There's a reason that this book is being passed from rucksack to rucksack in schools around the country, and it isn't because it's a story about cancer. Trust me.

The fact is that TFiOS, along with so many other 'sick lit' books, is FULL of life, despite everything that conspires against it. It's quirky and funny and the first love between Augustus and Hazel is the first love that everyone wants to have, because it's smart and sexy and just downright awesome (minus the cancer). This is a story of love against the odds, and battles won and lost, and countless other cliches that could be applied to most famous books in our history.

And you know why they can be applied to most famous books in history?

Because The Fault in Our Stars is nothing new.

(It's just exceptionally well-written.)


  1. Absolutely, Jo - this book is about love and life and it is GREAT writing. Well said.

    1. Thanks, Addy! I think I'll be re-reading this book in twenty years and still be thinking it's brilliant.

  2. excellent post Jo-I went to a CBC panel to listen to various authors talk about dark teen fiction and 'sick lit' and a woman said her daughter and boyfriend had loved the book, read it together, gone to Amsterdam together as a result–very much reading it as an affirmation of life rather than death. And yeah, I bet if Shakespeare was writing R &J for YA today, he'd be asked to change the ending...

    1. Yeah, there's no way he'd have gotten away with a thirteen year-old boy who murders his girlfriends cousin, slips in through her window at night to sleep with her and then dies with her.

      Thanks for telling me about that woman's daughter and boyfriend - it's made me feel all awesome and mushy!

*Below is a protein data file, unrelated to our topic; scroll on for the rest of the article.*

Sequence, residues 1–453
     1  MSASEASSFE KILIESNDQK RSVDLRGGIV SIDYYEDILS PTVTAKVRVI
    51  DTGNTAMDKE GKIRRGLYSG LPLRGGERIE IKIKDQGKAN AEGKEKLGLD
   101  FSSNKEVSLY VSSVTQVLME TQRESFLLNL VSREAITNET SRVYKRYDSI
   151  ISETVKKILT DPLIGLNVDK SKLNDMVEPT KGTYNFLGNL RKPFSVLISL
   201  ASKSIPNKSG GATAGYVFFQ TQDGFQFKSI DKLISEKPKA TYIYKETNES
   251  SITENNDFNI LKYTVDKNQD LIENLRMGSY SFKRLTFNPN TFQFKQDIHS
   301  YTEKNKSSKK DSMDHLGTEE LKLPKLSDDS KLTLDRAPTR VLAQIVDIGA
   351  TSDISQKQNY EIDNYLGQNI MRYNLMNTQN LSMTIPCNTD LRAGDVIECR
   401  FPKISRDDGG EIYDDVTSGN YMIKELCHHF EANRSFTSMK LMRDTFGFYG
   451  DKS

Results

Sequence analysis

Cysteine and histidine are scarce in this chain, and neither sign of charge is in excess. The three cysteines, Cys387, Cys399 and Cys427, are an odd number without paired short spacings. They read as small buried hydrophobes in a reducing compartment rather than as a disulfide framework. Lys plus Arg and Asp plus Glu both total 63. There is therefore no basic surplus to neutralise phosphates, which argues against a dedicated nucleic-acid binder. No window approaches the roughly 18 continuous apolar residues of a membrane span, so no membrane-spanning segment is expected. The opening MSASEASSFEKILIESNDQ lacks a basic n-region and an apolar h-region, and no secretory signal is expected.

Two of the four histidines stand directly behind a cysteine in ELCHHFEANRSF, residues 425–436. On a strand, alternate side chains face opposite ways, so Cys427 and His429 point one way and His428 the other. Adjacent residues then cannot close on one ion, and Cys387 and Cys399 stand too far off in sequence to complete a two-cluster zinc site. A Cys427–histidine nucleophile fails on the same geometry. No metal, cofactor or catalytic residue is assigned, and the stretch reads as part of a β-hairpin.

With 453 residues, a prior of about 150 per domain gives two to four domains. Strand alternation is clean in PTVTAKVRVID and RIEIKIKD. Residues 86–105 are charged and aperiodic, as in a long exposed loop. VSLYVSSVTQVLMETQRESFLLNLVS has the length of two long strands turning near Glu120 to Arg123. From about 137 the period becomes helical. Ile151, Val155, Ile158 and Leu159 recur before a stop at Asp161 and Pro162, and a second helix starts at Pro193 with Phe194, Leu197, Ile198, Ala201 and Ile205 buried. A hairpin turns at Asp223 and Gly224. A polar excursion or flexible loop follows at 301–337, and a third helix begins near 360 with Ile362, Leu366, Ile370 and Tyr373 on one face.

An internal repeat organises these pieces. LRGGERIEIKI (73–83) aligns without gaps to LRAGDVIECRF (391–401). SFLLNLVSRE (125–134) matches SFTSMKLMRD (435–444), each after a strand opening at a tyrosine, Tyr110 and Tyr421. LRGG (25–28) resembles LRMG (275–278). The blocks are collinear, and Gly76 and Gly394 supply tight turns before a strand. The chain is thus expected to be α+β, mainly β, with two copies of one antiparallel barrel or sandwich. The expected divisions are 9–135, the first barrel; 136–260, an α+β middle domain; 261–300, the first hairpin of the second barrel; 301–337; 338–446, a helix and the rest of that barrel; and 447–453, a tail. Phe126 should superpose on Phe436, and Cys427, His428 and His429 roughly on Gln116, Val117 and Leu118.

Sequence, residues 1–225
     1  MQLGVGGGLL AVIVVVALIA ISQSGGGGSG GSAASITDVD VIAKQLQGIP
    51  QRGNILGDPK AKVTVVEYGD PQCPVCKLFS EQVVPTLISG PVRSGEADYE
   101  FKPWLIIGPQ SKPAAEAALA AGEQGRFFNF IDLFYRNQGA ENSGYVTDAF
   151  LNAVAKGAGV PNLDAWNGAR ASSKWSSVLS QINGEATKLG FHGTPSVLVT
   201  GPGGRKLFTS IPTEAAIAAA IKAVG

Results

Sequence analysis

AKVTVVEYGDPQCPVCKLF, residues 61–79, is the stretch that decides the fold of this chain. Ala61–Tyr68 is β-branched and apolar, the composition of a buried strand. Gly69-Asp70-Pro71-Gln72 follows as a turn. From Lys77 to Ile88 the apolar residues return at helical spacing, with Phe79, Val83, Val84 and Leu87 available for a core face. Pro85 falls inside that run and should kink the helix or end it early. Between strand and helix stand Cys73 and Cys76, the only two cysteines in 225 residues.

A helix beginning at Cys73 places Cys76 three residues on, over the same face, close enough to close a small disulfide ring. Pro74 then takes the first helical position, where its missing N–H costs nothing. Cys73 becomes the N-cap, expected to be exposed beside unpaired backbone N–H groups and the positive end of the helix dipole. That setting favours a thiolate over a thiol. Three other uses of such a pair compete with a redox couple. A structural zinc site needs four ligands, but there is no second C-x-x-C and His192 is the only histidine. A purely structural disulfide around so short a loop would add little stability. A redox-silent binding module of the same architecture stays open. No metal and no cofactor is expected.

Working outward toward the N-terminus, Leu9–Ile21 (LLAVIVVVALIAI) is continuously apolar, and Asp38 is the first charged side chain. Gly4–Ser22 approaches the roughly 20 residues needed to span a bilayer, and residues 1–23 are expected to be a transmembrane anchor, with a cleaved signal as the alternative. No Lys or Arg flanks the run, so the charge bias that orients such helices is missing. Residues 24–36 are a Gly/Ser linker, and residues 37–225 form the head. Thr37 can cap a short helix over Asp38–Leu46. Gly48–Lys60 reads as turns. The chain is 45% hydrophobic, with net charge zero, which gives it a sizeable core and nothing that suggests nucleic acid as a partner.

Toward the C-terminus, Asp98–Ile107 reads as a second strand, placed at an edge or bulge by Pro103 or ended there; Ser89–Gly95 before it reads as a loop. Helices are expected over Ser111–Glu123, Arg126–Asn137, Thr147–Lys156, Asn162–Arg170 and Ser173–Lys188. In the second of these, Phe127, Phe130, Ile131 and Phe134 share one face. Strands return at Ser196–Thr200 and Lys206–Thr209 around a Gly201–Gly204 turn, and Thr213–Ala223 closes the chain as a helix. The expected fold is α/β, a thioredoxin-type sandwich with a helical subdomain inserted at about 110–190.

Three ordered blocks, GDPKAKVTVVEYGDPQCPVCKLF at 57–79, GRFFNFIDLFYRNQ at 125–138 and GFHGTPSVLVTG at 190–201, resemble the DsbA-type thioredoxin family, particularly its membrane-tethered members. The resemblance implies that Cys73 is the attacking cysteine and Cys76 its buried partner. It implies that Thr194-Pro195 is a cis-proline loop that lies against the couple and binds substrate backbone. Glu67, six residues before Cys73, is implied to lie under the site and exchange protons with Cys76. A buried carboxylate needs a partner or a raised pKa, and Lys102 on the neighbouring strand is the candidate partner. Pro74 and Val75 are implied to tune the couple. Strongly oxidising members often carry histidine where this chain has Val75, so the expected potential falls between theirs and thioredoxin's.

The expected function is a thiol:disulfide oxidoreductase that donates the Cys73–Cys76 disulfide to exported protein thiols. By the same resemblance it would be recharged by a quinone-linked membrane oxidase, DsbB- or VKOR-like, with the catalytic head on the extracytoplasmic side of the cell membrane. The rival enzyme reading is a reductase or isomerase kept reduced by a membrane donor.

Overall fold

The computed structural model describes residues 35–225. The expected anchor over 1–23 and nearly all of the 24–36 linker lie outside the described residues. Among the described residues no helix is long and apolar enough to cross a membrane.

3. Jo - Great post. I've not read 'The Fault in our Stars' yet but reading this makes me want to add to my TBR pile.

    I also think that your points on Romeo and Juliet are very interesting, it's a lot like my views on Noah's Arc. The story is about genocide by drowning and yet spin it to be about fluffy animals on a boat and it acceptable to be told to small children.

    However children and teenagers see through that to the message at the core. (My six year old did about Noah's Arc, saying it wasn't very nice as all the people were killed.)

    My point is that if it has got a strong message who cares if it delivered by a story about cancer. Much better than spinning genocide into an animal boat trip.

  4. The Fault in Our Stars is one of the most hyped about books by John Green. The plot of the book plus Green's writing style makes it a really great book. This is not generally the type of book I go for. I am not much into such tear-jerkers novels. I like fast reads, but TFiOS is an exception. I loved the book. I won't write the synopsis or give any spoilers. All I would like to say is that this book gives you a lot of positive messages. Read it really slowly and in a quiet atmosphere, you will find it magical and greatly moving. Highly recommended.

    This is truly a book to treasure.